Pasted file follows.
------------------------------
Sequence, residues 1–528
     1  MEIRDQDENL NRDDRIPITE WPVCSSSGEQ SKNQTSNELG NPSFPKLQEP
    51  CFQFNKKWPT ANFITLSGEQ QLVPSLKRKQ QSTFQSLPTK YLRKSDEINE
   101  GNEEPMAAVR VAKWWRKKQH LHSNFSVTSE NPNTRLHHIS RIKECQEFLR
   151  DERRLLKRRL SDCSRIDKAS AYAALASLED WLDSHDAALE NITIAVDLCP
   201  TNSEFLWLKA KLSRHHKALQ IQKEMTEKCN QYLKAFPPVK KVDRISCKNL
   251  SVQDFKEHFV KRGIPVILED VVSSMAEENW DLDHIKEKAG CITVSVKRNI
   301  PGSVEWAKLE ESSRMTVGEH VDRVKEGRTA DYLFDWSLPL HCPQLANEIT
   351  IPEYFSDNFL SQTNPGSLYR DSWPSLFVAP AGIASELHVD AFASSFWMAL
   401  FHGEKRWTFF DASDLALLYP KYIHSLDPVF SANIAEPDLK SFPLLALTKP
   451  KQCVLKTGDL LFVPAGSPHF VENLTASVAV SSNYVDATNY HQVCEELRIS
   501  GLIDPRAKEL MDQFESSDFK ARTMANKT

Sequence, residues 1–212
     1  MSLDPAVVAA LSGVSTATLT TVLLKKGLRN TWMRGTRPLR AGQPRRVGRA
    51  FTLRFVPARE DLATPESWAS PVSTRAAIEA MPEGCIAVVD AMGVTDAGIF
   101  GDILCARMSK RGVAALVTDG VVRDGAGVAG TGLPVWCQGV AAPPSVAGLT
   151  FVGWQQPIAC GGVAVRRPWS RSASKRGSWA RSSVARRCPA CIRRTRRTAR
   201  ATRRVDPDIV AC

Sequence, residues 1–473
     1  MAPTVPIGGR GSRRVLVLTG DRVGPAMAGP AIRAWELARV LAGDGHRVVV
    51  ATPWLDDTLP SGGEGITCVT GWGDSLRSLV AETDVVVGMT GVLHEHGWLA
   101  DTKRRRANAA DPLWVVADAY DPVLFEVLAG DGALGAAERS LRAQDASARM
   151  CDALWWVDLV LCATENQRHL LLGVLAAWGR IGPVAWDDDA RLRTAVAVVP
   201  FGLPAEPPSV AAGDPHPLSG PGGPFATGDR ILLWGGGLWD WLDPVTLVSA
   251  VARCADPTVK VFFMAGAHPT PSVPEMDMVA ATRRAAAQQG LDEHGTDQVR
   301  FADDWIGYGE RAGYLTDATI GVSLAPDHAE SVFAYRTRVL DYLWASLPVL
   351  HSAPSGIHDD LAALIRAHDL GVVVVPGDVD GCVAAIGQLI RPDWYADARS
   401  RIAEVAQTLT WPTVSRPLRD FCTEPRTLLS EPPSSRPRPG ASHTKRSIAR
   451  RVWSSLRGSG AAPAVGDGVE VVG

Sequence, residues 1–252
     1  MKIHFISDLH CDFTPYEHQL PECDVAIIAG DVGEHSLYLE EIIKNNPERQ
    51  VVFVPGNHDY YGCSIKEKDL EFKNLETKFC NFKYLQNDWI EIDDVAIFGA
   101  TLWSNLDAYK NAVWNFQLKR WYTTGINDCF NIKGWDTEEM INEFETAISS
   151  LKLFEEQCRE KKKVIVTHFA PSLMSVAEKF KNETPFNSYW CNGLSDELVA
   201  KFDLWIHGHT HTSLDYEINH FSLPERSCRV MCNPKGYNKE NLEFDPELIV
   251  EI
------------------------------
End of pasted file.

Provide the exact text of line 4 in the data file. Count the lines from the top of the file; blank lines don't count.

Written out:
   101  GNEEPMAAVR VAKWWRKKQH LHSNFSVTSE NPNTRLHHIS RIKECQEFLR